A burger offends every diet trend, and for that reason alone we applaud its existence. Besides, these days, our city is practically overrun with delicious burgers, from the gourmet -- think miso and bone marrow blended into the patty itself -- to down-home diner fare that's classic for a reason. We took the mighty hit of taste-testing our way through the juicy Boston burger scene. Yeah, it was hard work, but someone had to do it...
Where Are the Best Burgers in Boston? We Ate Them All to Find Out.
The Bristol Burger is both a standard-bearer and a study in understatement. No gratuitous egg augmentations or florid aiolis here, just a full 8oz of chuck topped with Vermont cheddar, lettuce, some Bermuda onion, tomato slices, and the lounge’s own pickles. It’s simple, but precise -- the burger equivalent of a surgical strike, if you will (OK, yeah, you probably shouldn’t).
The hysteria over A & H's secret burger has abated a bit, but that doesn’t mean you can just waltz in and get your grubby hands on its half-pound of sheer loveliness without some work. Chef Michael Scelfo still serves just shy of 40 burgers a night, which is why people continue to line up ahead of opening. As you’re probably already aware, the burger here is made out of Creekstone Farms ground brisket, short rib, and beef encased in a house-made roll. A Parmesan crisp and drizzle of divine, secret sauce bring it all home. And if this difficult-to-nab thing is already sold out, just know that the regular house burger is nothing to hate-tweet about.
This is the burger: a first-ballot hall of famer that changed the city’s patty game forever. Three cuts of beef, plus suet, bone marrow, and dehydrated miso make up the actual burger. Topped with Shelburne Farms cheddar and a homemade mace ketchup, this Bon Appetit cover model is as much deity as entree.
Come for the cocktails, stay for the burger (formerly off-menu, now no longer just by request). Formerly, the Relais & Chateâux Menton would deliver a total of just 15 wagyu beef double cheeseburgers topped with American cheese, Bibb lettuce, house pickles, shaved red onion, black pepper mayo, and ketchup on a toasted Hi-Rise Bread Company bun. Be grateful that showing up late won’t get your adrenaline pumping anymore.
The question is not whether The Gallows has one of the best burgers in town; the question is which of its burgers is the best of the best? The Our Way burger is a classic of the genre (onions, American cheese, pickles), while the Carpet burger wins for sheer excess (buttermilk-fried oysters as a topper?!). But our money always goes to La Hambourgeois, and not just because it’s the best-named entree in Boston. This is umami heaven thanks to melted blue cheese, cornichons, and truffle aioli. Promise yourself you’ll return to taste the other ones later.
This place doesn’t just offer a single, exquisite burger, but the bounty of a whole burger bar. You can opt for the beef burger, naturally, but you can also go for a salmon, turkey, or falafel base. And you can choose from excellent regional American treatments, or venture outside the States with a Japanese option (wasabi mayo comes into play), or a Greek varietal (yum, hummus). Our personal favorite: the Paris burger, topped with brie, a fried egg, caramelized onions, and truffle mayo (oui, oui). It’s like a burger Epcot, minus the culturally inappropriate mascots.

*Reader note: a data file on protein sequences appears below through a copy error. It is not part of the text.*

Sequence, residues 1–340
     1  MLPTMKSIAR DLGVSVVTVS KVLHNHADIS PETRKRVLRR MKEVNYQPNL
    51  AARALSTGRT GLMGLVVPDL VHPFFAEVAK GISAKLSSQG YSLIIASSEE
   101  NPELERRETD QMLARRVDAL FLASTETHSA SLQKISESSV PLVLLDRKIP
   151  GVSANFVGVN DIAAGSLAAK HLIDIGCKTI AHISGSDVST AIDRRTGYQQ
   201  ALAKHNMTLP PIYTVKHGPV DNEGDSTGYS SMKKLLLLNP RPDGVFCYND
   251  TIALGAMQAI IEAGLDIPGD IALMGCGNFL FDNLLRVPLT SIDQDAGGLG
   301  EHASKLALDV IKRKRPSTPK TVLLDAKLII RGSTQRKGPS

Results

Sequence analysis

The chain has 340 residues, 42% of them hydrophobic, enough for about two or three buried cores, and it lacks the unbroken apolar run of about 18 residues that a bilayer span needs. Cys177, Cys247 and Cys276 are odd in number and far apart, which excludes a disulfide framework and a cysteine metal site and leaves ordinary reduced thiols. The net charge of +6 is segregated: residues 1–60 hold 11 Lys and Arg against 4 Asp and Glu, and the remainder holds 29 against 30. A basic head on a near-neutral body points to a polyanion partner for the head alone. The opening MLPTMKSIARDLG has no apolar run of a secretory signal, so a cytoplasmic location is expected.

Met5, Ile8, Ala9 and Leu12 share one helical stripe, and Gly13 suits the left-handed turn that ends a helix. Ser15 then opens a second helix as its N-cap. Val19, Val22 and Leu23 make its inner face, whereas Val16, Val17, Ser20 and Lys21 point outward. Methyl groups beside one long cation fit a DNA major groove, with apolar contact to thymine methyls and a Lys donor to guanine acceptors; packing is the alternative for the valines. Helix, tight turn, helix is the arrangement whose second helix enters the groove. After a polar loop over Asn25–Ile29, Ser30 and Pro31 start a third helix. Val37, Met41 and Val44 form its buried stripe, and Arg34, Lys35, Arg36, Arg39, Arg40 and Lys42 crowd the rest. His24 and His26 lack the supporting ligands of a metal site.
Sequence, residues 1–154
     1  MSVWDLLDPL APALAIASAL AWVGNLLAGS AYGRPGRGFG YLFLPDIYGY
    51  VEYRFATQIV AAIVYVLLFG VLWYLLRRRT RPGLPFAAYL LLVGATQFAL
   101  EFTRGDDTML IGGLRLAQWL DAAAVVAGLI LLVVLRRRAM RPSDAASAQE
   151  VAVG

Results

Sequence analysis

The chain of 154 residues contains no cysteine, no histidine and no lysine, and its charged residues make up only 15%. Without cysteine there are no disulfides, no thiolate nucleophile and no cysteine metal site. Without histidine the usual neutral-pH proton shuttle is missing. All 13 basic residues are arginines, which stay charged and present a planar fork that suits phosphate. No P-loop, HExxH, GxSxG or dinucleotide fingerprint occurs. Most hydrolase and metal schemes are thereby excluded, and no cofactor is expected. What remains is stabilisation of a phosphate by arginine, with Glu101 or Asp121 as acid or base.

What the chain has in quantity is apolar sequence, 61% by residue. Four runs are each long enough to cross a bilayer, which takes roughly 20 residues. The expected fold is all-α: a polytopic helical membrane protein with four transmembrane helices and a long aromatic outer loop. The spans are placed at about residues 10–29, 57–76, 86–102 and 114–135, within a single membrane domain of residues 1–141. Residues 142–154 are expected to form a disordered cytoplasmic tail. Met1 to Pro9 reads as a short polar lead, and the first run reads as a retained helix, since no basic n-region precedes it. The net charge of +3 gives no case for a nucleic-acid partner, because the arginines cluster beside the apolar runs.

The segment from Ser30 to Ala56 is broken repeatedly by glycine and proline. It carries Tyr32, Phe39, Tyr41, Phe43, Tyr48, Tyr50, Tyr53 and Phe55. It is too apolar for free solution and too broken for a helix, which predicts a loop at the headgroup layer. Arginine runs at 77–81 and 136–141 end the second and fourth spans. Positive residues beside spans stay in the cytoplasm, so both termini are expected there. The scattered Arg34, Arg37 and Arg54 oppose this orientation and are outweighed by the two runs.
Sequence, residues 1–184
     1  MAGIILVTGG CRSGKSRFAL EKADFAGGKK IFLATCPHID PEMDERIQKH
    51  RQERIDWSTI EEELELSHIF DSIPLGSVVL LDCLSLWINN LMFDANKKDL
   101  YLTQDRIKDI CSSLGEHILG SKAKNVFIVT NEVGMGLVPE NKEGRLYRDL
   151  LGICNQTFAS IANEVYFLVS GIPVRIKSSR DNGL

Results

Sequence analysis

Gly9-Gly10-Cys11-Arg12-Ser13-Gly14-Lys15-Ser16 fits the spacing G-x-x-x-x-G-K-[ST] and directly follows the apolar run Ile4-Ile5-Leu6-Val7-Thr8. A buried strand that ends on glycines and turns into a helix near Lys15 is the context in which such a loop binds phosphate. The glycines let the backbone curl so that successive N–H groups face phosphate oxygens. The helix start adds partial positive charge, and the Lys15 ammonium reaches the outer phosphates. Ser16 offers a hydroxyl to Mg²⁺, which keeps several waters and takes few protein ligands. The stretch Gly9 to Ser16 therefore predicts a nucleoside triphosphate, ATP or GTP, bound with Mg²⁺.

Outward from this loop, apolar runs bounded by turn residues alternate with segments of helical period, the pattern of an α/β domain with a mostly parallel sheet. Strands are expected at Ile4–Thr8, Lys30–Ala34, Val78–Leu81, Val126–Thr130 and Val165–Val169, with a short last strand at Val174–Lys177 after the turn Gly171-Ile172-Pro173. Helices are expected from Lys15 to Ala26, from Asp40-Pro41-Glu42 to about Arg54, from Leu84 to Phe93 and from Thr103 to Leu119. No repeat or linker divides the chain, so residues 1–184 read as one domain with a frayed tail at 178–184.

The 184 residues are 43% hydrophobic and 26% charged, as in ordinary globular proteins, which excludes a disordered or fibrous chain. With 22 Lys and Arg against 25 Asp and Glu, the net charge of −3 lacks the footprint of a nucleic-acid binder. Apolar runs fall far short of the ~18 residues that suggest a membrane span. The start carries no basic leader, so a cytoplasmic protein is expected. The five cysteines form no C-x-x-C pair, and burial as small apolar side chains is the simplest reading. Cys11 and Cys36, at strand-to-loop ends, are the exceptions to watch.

Sure, you can come here for the massive onion rings and bottomless bowls of frites. But stick around 'til 10pm, and the bar sneakily plates a fast food-style burger for a mere six bucks. Single thin patty, basic cheese, caramelized onions, pickles, secret sauce, and toasted bun -- it’s like your favorite greasy spoon order graduated to the big leagues.
A burger so good, they had to trademark it… well, its name at least. The Shojonator™ is a small-form take on the Wendy’s Baconator -- more slider than burger -- topped with a pile of smoked bacon and "kimcheese" (kimchee Velveeta, basically) and encased in a steamed bun.
What was once a steady go-to for brunch and vegetarian dinners has elevated its game thanks to a change in ownership (the Tres Gatos folks are now in charge). It’s mostly Italian fare at dinner time, but come lunch and brunch, you can go Italian-American with the Maine grind burger, topped with delizioso pancetta, provolone, and herb aioli, all held together by a ciabatta muffin.
The recent lunch and bar menu addition is further proof that chef Matt Jennings makes the classics taste better. We’re in half-pound territory here, with a rich blend of chuck and neck meat. The American cheese and shredded iceberg lettuce to top are good, but Jennings’ secret is his pungent combat sauce, made of Kewpie mayonnaise (the Japanese cult product), minced cornichons, and gochujang. And at Townsman’s once-monthly brunch, Jennings throws an egg on top, because why the hell not?
The Standard Burger isn’t trying to reinvent the wheel; it’s reminding you why wheels are excellent in the first place. The massive blend of chuck, brisket, and rib lifter (rib-eye underbelly), enhanced by Vermont cheddar and nestled into a brioche bun, is a city stalwart. Like Eastern Standard itself, it’s easy to take this one for granted… but that would be foolhardy.